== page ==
If there was one thing No. 22 Cal men’s soccer had not experienced much of in the regular season, it was disappointment. But Thursday night, with rain and playoff nerves in the air, the Bears’ season ended prematurely in disappointing fashion as they fell 2-1 to unranked USF in the first round of the NCAA tournament. “I know they’re disappointed about Thursday’s result, but I think they can definitely hold their head up high,” said Cal head coach Kevin Grimes.
Sunday may have been senior day at Edwards Stadium, but it was the freshmen who stole the show as Cal men’s soccer downed UCLA 3-2. The Bears came out of the gate strong, going up 1-0 in just the seventh minute as freshman midfielder Francisco Perez scored on a cross from the top left corner off a nice pass from senior midfielder Aravind Sivakumar. It was not only Perez’s first goal of the season, but the first goal scored by any of Cal’s freshmen this year.
Anyone who says that #Pac12AfterDark only applies to football was clearly not watching Cal men’s soccer (9-5-0, 4-3-0) at Washington on Sunday evening. What looked to be a very close match through 76 minutes quickly unraveled after the sun went down, as the Bears fell 3-0 on 3 late second-half goals. The first half was physical, with both teams playing aggressively and demonstrating a high level of offensive creativity.
Muck Rack makes it simple to find people, tweets, or articles that mention any name, keyword, company, hashtag etc. We've compiled this guide to help you make the most of your search.
Selecting a term
Start searching tweets, articles from media outlets, articles mentioned in tweets, journalists'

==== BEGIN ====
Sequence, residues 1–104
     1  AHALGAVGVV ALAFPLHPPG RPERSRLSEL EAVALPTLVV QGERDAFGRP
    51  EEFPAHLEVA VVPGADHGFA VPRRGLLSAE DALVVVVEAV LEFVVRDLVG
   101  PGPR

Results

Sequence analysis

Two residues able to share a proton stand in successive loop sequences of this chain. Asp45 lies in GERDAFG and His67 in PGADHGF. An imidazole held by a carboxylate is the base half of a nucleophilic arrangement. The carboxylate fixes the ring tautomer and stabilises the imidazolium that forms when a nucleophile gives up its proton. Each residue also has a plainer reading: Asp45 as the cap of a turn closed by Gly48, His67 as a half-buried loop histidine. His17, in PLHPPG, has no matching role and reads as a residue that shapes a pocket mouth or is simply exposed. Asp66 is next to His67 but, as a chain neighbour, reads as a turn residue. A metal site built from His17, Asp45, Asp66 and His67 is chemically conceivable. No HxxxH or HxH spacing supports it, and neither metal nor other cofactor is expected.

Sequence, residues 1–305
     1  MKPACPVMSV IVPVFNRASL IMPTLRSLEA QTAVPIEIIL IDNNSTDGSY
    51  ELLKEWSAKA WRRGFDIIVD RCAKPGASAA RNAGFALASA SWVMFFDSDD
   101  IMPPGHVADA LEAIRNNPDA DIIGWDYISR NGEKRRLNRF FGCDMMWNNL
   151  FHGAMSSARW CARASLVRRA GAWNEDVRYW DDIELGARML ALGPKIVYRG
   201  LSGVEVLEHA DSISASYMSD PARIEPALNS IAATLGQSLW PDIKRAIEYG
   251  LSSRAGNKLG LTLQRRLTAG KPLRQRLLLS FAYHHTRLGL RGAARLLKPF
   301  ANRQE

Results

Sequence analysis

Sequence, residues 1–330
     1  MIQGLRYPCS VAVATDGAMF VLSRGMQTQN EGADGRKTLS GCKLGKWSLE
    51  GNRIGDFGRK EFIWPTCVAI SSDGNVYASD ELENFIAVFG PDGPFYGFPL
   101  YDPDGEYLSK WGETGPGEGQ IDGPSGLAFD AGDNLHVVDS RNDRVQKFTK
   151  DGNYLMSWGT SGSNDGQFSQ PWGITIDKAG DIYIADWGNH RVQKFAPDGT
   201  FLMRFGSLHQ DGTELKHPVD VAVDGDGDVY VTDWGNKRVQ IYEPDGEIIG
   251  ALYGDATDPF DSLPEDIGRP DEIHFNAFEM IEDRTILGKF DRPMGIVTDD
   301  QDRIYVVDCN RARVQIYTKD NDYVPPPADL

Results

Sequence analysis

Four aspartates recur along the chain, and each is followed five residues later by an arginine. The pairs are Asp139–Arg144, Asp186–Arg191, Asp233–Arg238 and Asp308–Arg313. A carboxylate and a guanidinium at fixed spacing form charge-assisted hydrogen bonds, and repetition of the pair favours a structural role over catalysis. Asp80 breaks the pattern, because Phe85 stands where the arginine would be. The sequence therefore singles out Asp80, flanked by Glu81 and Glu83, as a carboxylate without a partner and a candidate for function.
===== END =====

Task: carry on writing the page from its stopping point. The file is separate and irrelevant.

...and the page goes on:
names, titles and bios with some suggested searches:
Companies or Topics (e.g. iPhone, Microsoft)
Phrases (e.g. "cloud computing") — use quotes to keep the terms together
Twitter handles (e.g. @username) — returns those who have mentioned or replied to
Names (e.g. "David Pogue")
Hashtags (e.g. #sxsw, #london2012)
Bio details (e.g. vegan, Olympics, father)
Muck Rack's Advanced Search allows for many boolean operators.
Find results that mention multiple specified terms, use AND or
+. For example, ensure each result contains both Elon Musk and Mark Zuckerberg by
searching Musk AND Zuckerberg or Musk + Zuckerberg.
Use the operators OR or , to broaden your search when you'd like either of
multiple terms to appear in results. (This is the default behavior of our search when no operators
are used). For example, results will contain either cake or cookie by searching cake OR cookie or cake,cookie
Use NOT or - to subtract results from your search. For
example, searching Disney will yield results about the Walt Disney Company as well as Walt Disney
World Resort. To exclude mentions of Disney World, search for Disney -World or Disney
When using one of these operators with a phrase, enclose it in quotation marks. For example, you can
find results about smartphones excluding Apple's iPhone 4S by searching smartphone -"iPhone
Exact case matching or punctuation
If you're searching for a brand name or keyword that relies on specific punctuation marks or capitalization, you can
find results that match your exact query by adding matchcase: before the keyword you're searching for, like matchcase:E*TRADE .
Use parentheses to separate multiple
boolean phrases. For example, to find journalists talking about having fun in Disney World or
Disneyland, search for ("disney world" OR disneyland) AND fun.
An asterisk can be used to search for any variation of a root word truncated by the asterisk. For example, searching for admin* will return results for administrator, administration, administer, administered, etc.
A near operator is an AND operator where you can control the distance between the words. You can vary the distance the near operation uses by adding a forward slash and number (between 0-99) such as strawberries NEAR/10 "whipped cream", which means the strawberries must exist within 10 words of "whipped cream".